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Money trouble gets worse

Things aren’t looking good for school systems around the state. Monday, Gov. Bob Riley announced that schools would be headed into proration with a 12.5-percent education budget cut for the upcoming year. That is significant considering schools haven’t seen these kinds of cuts since 1961.

School Superintendent Keith Moore was surprised to hear the budget cut was so large.

“We were hoping for only a budget cut of 6 percent, but this is much more than that,” Moore said. “We haven’t been able to figure out just how much that is for us.”

Riley is going to cut the proration down to 9 percent by using half of education budget’s rainy day fund. The other half might be used in the second half of the year if it is needed.

Moore, school system Chief Financial Officer Steve Yeargan and the rest of the Chilton County Board of Education are having figure out what that will mean locally, and it isn’t going to be good. It is impossible to say if any job cuts are coming or if any programs will be on the chopping block.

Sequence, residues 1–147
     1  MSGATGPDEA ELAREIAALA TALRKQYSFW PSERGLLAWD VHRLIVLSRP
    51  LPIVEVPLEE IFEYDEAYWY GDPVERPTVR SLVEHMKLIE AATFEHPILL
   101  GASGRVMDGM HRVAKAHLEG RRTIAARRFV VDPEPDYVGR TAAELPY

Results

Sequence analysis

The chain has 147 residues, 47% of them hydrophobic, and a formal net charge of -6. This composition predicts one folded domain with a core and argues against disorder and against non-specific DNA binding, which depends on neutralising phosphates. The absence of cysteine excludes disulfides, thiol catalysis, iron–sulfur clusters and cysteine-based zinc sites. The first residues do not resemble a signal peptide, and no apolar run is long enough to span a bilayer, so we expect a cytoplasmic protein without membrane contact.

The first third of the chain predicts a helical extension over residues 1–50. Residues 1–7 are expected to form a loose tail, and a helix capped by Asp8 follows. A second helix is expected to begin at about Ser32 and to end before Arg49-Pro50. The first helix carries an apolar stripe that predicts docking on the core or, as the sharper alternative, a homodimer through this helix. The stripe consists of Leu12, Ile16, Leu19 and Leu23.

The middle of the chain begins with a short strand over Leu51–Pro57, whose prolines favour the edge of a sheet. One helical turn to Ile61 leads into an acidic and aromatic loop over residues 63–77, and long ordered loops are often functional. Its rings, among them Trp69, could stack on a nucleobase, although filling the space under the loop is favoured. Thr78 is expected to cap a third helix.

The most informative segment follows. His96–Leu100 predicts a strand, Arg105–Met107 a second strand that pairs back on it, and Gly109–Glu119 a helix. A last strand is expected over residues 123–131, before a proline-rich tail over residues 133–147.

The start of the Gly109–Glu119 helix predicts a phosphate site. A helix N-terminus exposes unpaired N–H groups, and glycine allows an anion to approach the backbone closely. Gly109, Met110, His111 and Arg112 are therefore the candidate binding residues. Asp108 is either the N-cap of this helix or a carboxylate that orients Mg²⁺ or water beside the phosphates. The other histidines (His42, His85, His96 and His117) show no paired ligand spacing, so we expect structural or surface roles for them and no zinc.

We do know our school board has done an excellent job at handling the system’s finances. When other school districts had to borrow money just to pay the bills, Chilton County was in good enough financial shape that the system’s reserves covered its out-of-pocket expense.

This is part of a massive spending reduction plan Riley has introduced to help cut expenses almost across the board. There are some departments such as public safety where they are unable to make cuts, but Riley appears to have trimmed down our expenses because our revenues have fallen so short. The General Fund budget spending will be cut about 10 percent. A hiring freeze on state employees will also help make up the difference. About 3,000 workers will be cut through attrition.

We hoped that our state wouldn’t come to this point. Our state has fared better than many, but it wasn’t enough to prevent major proration.